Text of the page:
When you retire to Chile you’ll appreciate the diversity of the country. Watch the penguins play on the glacial fields in the south, head for the sandy beaches along the coast, go to the ski fields high in the Andes or visit the driest desert in the world in the north.

While the country as a whole has a lot to offer, Chile’s coast is one of the most overlooked and undervalued on the planet. From the white-sand beaches of La Serena to the black sands of Pichilemu, you’ll find rocky cliffs, jewel-like coves, wide beaches, world-class surfing, and great places to live. Coastal Chile boasts a diversity and beauty reminiscent of the California shoreline, but without the high property prices.

Expats who live in Chile enjoy a very high standard of living

It’s hard to imagine a country with more to offer than Chile. And when you live in Chile, you’ll enjoy a modern and efficient country which boasts dramatic mountain peaks, sparkling lakes, and abundant wildlife. It has great skiing in the winter and lush alpine valleys in the summer. Chains of islands and charming fishing villages lend character to the south, while wide expanses of desert dominate the north. Its clean cities offer a First-World infrastructure, and the government is one of the best-organized and most stable in the region.

North Americans and Europeans like living in Chile, partly due to its clean and honest culture, but also because its seasons are reversed from those in the northern hemisphere; so expats with a second home in Chile can enjoy their favorite seasons twice a year.

The Ultimate Expat Guide To Chile

Although Chile is often thought of as a less glamorous destination than its neighbor Argentina, its steady economy and democracy have convinced many people to not only visit but live and work in this South American country. Here is everything that you need to know about moving, living and working in Chile.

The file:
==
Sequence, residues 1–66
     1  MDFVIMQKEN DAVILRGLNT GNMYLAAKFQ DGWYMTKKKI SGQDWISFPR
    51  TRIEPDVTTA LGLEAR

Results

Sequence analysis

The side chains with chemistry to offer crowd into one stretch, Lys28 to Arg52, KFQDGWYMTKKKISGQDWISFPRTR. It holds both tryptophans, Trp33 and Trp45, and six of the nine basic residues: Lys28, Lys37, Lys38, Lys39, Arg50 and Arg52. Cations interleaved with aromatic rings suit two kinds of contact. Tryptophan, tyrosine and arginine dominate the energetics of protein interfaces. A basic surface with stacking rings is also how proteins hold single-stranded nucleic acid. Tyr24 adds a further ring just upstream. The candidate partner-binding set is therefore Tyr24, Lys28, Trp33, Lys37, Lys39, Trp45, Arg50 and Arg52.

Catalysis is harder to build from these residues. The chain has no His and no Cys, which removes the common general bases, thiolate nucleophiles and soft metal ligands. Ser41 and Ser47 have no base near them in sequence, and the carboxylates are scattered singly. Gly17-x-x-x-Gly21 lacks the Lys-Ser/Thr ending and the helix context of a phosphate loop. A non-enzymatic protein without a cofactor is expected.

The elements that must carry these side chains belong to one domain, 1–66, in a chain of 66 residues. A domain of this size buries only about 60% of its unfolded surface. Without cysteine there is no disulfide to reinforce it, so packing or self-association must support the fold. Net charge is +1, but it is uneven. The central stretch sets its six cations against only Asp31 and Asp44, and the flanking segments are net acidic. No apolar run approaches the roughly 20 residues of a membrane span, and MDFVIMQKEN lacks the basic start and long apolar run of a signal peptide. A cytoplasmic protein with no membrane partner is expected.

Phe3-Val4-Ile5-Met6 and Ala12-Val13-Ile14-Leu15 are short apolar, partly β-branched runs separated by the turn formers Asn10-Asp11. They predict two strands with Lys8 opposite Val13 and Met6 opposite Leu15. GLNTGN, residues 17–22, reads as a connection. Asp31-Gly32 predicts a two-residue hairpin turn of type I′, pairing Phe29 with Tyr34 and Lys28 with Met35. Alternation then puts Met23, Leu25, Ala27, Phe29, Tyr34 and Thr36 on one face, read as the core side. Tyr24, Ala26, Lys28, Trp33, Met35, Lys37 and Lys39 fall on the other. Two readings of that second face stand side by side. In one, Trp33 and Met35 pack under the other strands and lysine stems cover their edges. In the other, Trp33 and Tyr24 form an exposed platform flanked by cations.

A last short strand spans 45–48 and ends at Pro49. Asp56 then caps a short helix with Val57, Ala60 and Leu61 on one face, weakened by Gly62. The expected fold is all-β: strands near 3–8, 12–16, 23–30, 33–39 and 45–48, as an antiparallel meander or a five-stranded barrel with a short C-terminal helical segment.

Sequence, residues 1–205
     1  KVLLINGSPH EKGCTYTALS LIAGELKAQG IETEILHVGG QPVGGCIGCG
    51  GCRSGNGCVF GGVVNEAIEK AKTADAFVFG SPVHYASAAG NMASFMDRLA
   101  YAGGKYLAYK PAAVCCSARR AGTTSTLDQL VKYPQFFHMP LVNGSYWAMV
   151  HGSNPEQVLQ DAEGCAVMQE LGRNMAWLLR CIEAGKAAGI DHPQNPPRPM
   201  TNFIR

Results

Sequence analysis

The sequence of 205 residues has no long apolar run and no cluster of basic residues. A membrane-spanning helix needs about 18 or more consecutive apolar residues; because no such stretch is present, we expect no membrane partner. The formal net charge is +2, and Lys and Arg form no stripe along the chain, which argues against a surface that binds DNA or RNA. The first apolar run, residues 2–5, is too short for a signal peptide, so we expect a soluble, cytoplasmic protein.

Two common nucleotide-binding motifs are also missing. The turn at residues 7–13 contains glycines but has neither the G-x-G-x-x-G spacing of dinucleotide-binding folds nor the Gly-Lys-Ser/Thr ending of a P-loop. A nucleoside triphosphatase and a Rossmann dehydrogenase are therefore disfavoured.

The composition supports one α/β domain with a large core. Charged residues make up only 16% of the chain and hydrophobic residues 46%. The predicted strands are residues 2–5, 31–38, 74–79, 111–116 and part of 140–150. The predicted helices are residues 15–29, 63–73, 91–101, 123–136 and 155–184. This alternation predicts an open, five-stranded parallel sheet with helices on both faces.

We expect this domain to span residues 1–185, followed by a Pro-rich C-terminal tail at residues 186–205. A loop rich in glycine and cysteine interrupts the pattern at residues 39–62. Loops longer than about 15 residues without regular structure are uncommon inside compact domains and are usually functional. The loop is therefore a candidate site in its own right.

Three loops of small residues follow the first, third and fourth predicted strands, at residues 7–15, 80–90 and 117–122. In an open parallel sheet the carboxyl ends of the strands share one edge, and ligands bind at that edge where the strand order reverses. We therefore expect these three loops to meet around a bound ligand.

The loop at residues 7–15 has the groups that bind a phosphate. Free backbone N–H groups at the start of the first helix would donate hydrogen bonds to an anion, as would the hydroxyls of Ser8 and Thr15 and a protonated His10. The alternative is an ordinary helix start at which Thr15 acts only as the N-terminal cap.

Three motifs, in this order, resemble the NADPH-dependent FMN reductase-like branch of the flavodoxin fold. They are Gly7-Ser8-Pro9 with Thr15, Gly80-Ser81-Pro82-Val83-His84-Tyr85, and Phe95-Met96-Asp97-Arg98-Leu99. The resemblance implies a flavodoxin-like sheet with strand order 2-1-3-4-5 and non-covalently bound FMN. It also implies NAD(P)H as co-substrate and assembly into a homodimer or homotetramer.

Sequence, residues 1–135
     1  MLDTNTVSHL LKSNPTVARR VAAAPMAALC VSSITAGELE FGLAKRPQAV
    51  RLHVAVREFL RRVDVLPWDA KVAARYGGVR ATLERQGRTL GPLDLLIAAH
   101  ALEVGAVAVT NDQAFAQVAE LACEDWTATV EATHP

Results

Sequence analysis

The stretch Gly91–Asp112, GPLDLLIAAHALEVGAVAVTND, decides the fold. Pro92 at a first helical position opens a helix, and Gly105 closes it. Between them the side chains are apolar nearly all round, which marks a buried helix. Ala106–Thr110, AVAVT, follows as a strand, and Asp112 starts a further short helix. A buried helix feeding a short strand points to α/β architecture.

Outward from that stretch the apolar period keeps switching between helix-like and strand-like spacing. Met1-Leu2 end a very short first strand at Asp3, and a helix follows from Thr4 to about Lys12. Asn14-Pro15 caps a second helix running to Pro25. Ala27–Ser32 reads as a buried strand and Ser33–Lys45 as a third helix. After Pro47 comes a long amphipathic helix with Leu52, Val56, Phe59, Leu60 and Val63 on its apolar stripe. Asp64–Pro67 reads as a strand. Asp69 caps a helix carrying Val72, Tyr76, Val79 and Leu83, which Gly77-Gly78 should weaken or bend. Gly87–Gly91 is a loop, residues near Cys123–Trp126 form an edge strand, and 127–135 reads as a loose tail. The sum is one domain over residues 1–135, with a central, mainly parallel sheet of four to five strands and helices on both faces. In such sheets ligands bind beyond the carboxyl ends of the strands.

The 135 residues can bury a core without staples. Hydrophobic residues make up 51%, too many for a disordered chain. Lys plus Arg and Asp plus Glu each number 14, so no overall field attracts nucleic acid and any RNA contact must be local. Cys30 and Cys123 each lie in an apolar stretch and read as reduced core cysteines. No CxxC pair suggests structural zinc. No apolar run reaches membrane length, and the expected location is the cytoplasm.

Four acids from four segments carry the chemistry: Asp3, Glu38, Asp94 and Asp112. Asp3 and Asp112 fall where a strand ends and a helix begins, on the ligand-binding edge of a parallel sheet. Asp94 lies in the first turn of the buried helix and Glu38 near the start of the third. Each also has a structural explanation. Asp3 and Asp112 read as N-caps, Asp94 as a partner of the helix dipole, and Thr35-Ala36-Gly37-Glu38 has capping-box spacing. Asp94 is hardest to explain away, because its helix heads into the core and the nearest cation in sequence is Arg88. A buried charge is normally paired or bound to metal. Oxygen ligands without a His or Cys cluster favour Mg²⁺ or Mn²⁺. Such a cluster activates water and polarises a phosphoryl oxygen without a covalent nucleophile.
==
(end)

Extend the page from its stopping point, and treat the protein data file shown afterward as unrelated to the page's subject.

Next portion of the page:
Introduction

Chile is a diverse country with everything from outstanding rural life in Patagonia and the Andes to the modern Santiago. The climate ranges from dry deserts in the north, a mild climate in the center to cold in the Patagonian south. Chile has desert and islands as well as mountains and even the icy Antarctica available for you to explore.

Introduction to Chile

Visas

This long and narrow country offers something for everybody when it comes to geography and climate. If you are already curious what it takes to move to Chile, take a look at the different types of visas to find out for which type you need to apply for as well as what it takes to get approved.

Tourist Visas

If you prefer to visit Chile before deciding to move or look for a job, apply for a tourist visa. It can take up to four weeks for tourist visas to get approved and once approved you must go to the consulate to get your visa. If you are a citizen of the U.S., Canada, Australia, New Zealand, or any EU state, you don’t need a tourist visa to visit Chile for a stay shorter than 90 days. Citizens from the above-listed countries get a Tarjeta de Turismo (tourist card) upon arrival in Chile which they have to keep until they leave the country.

Short Term Visas

You should apply for a short-term visa, also known as temporary resident visa, if you are traveling to Chile to visit family, as an intern, as a student on a gap year doing volunteer work, or as an expat on a short-term assignment. As with the tourist visa, short-term visas can take up to four weeks to get approved and are valid for a period of one year. After you have been living in Chile for one year on a temporary resident visa, you may be eligible to apply for a permanent resident visa.

Work Visas

If you need to live and work in Chile for a period longer than one year, then you need to apply for a work visa. To get approved for this type of visa, you will need to submit a work contract, among other documents.

Living in Chile

Chile offers a low-cost of living without sacrificing on quality of life. Excellent healthcare, reasonably-priced housing, and an education system that offers a high standard of learning, make Chile a great place to live.

Living in Chile